one of the things that inspired us most on a recent trip to LA was the shades of blue that we spotted everywhere, from swimming pools to the fronts of warehouses. so when we heard about Jane Palmer and her natural-dye house that specializes in indigo in the heart of the city’s garment district, we jumped at the chance to see the process for ourselves…
We certainly weren’t the first to fall in love with indigo dye, an organic compound found in hundreds of different plants. In fact, it was used by many ancient civilizations and valued for its rare blue color. “I love the look of natural indigo dye because it never looks flat,” explains Jane. “It has this uniquely inky look that glows from within.”
“Indigo dyeing is about patience because it takes a long time to achieve the desired result,” says Jane. Once the indigo has been prepared (a process which alone takes about an hour), it’s added to a vat of water, which turns an unexpected bright yellow or green.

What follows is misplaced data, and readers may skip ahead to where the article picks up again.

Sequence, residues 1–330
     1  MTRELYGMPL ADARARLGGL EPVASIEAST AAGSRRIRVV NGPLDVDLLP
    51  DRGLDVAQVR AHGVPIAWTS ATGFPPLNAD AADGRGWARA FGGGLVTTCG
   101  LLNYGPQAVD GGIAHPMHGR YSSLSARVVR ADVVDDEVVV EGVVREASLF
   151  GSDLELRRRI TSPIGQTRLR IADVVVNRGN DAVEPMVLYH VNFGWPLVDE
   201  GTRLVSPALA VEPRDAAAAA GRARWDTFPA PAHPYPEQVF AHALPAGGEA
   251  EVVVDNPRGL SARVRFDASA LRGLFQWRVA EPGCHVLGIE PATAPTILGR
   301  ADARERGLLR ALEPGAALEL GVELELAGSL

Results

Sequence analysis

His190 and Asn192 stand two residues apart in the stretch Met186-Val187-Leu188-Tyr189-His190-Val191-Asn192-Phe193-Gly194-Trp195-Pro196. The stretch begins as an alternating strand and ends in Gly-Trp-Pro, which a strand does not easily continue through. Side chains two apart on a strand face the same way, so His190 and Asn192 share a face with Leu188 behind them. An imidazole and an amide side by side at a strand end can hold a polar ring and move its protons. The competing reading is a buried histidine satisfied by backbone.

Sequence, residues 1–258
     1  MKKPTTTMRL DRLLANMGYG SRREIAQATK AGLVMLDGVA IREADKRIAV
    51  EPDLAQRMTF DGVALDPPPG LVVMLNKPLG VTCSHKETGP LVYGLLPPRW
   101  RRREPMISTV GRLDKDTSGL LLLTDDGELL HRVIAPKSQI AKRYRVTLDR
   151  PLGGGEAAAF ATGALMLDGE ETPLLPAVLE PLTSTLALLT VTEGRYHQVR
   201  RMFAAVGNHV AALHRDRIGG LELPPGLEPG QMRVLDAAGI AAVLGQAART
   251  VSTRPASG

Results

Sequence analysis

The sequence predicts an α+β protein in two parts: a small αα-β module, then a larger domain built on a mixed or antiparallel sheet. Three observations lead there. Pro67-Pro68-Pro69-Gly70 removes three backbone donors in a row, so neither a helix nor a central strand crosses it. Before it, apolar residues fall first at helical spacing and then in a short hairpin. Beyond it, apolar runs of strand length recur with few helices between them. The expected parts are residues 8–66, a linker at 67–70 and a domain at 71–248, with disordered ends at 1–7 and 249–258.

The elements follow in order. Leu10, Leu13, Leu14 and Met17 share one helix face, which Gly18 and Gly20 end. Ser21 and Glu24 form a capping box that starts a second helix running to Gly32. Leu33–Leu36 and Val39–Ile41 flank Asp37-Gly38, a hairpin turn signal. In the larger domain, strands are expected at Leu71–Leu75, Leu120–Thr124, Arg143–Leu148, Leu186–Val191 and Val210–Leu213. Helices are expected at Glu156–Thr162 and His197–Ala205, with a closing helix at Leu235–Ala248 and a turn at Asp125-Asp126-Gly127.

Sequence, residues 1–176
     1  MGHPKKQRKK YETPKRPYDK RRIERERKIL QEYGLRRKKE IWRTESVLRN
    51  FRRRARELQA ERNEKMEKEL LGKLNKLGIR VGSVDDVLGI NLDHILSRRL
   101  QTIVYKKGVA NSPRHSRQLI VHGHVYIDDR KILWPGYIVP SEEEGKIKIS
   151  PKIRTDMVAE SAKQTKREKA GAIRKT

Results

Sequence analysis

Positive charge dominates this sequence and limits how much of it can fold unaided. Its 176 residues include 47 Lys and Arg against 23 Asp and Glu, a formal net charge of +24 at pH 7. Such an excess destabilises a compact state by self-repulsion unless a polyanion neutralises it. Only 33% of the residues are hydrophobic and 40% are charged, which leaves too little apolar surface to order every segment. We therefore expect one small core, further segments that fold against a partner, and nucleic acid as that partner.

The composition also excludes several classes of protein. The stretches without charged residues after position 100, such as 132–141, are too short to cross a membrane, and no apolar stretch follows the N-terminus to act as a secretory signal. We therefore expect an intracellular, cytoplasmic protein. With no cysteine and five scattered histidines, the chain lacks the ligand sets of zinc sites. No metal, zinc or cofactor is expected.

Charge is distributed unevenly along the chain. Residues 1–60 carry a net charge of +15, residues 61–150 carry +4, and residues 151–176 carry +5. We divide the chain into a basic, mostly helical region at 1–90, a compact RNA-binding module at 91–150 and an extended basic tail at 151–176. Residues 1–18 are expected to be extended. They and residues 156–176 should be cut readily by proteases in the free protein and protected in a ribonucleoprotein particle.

After cloth is dipped into the vat, it also comes out yellow-green. It’s the oxygen in the air that will slowly turn the material blue. To get that rich indigo hue, the fabric must be repeatedly dipped into the vat—up to eight times to make it really dark.
To create their unique indigo designs, Jane and her team use a process called shibori, the ancient Japanese practice of folding, clamping, binding and stitching fabric to create patterns (we think of it like a really complicated version of tie-dye). The technique takes time to master; in Japan, a dyer must apprentice for years before becoming a practicing artist. “We have developed our own styles of shibori that we use over and over because we love the way they look,” she says.
Photography by Ken Tisuthiwongse.
For more of what we were up to in LA, click here